Economic way of thinking
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Economic Way of Thinking. Scarcity. The condition that results from society not having enough resources to produce all the things people would like to have. Scarcity Qualifications. 1. Limited in quantity 2. Be desirable 3. Have more than one valuable use. Everything has a cost!.

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Economic Way of Thinking

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Economic Way of Thinking


Scarcity

The condition that results from society not having enough resources to produce all the things people would like to have.


Scarcity Qualifications

1. Limited in quantity

2. Be desirable

3. Have more than one valuable use


Everything has a cost!

Free Puppies!

No such thing as a Free Lunch!


People choose for good reasons!

Cost and Benefits

Different Values = Different Choices


Incentive Matters

Rent control in New York

Supply and Demand


People create economic systems to influence choices and incentives

Market vs Command Economies

As rules change incentives and behavior change


People gain from voluntary trade.

Makes them better off

No benefit = no trade

Economics is about trade!


Economic thinking is marginal thinking.

Marginal choices involve the effects of additions and subtractions


The value of a good or service is affected by people’s choices.

Value is determined by the preferences of buyers and sellers


Economic actions create secondary effects.

Rent controls make apartments more affordable to some.

Less profitable to build and maintain. (Friends)


The test of a theory is its ability to predict correctly.

It the theory correctly predicts the consequences of actions, it is a good theory!

Proof is in the pudding!


So what is Economics?

Economics is the study of how people satisfy wants with scarce resources


Mom I NEED food! Mom I WANT Pizza!

  • NEED: basic requirement for survival

    • Food, clothing, shelter

  • WANT: way of expressing a need


There Is No Such Thing As FREE Lunch!

Buy one, Get one Free

Who pays?


Decisions on how to use our limited resources?

  • WHAT to produce?

  • HOW to produce?

  • FOR WHOM to produce?


WHAT to produce?

  • Military Equipment v. other goods (food clothing housing)

  • Should its limited resources be used for _________?

  • Cannot Please everyone….MUST make a decision on WHAT to produce!


HOW to produce?

  • Mass production

    • Equipment v. workers

    • Low v. high production cost

    • Less expensive = available to the masses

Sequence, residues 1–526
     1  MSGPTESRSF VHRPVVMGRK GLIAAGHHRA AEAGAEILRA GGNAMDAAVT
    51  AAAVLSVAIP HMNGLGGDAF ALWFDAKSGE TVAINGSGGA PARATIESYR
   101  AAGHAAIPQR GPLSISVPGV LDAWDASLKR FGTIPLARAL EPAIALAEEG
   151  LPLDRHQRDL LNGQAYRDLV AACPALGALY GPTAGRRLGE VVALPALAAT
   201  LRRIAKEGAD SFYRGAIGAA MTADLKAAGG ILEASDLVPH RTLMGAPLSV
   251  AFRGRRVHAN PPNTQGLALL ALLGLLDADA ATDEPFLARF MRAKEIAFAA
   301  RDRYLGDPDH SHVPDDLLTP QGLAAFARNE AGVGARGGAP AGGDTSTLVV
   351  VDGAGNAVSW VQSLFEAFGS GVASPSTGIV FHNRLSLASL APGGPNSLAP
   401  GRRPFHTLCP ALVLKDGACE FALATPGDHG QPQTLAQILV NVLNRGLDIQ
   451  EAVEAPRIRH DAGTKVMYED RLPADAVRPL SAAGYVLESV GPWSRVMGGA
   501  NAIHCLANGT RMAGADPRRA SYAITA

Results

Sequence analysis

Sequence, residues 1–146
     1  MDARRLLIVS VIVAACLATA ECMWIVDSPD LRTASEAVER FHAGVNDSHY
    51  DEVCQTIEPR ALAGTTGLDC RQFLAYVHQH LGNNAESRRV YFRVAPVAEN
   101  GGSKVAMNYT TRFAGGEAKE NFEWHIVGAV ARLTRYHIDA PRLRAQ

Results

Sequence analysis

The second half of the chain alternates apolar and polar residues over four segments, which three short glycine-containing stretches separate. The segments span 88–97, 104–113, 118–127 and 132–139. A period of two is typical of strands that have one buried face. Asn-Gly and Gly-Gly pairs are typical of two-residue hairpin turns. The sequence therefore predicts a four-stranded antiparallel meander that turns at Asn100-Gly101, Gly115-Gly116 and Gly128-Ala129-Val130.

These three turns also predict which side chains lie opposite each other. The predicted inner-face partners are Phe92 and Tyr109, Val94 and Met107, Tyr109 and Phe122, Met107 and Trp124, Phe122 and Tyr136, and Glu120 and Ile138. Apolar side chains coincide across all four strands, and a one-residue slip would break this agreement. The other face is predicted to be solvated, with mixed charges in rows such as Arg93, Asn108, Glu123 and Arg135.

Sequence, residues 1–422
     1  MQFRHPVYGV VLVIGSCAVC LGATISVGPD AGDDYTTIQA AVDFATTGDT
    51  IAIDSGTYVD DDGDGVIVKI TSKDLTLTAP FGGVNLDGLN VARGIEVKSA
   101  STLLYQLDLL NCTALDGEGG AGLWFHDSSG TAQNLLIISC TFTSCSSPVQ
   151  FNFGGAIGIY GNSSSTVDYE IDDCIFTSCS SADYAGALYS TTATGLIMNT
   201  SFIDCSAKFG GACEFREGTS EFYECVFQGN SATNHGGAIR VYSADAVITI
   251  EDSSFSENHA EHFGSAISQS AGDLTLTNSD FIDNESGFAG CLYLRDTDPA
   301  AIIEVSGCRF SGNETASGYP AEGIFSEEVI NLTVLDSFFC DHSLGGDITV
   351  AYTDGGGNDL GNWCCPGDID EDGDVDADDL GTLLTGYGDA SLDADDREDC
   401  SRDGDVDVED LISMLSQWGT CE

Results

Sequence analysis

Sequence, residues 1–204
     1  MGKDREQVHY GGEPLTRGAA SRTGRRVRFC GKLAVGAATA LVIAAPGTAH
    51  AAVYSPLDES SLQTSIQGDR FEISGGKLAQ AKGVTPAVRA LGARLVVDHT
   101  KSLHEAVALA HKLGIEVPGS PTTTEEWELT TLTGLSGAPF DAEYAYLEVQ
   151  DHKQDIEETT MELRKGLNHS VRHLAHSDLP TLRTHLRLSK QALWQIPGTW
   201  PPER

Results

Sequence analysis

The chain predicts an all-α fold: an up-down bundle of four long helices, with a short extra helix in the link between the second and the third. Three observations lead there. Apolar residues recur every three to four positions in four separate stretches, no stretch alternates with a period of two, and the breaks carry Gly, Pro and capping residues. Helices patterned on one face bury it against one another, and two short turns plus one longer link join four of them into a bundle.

FOR WHOM to Produce?

  • Must be allocated to someone

  • Not enough?

    • A choice must be made

    • Who will receive it?


Three questions MUST be answered b/c of limited resources


Unlimited Wants

Limited Resources

Scarcity

Choices

WHAT to produce

HOW to produce

FOR WHOM to produce


Factors of Production

Land

Capital

Labor

Entrepreneurs


Land

  • “Gifts of nature” (natural resources)

  • Fixed or limited in supply

  • Good farmland, sandy beaches, oil and minerals

  • Scarcity increases as population grows


Capital

  • Tools, equipment, machinery, and factories used in production of goods and services (capital goods)

  • Financial Capital: money used to buy capital goods

  • Computers in school: used to produce the service of education


Labor

  • People with effort, abilities, and skills

    • Exclude the group called entrepreneurs

    • Vary in size

    • Why would the labor force vary in size?


Entrepreneurs

  • Innovators responsible for change in our economy

  • Risk-taker

    • Profits

    • New with existing resources

  • Start new businesses/ new products

  • Initiative that combines resources (land, labor, capital)


Production

  • Factors of production are present = PRODUCTION

  • Creating of goods and services can take place

    • Schools:

      • Capital goods?

      • Labor?

      • Land?

      • Entrepreneurs?


Gross Domestic Product (GDP)

  • It is the most important measure of the overall economy.

  • It is the overall dollar amount of all goods and services produced within the United States borders in a year.

  • American goods made in other countries are NOT counted (ford plants in Mexico)


GDP

  • Nissan plants in Tennessee DO count toward GDP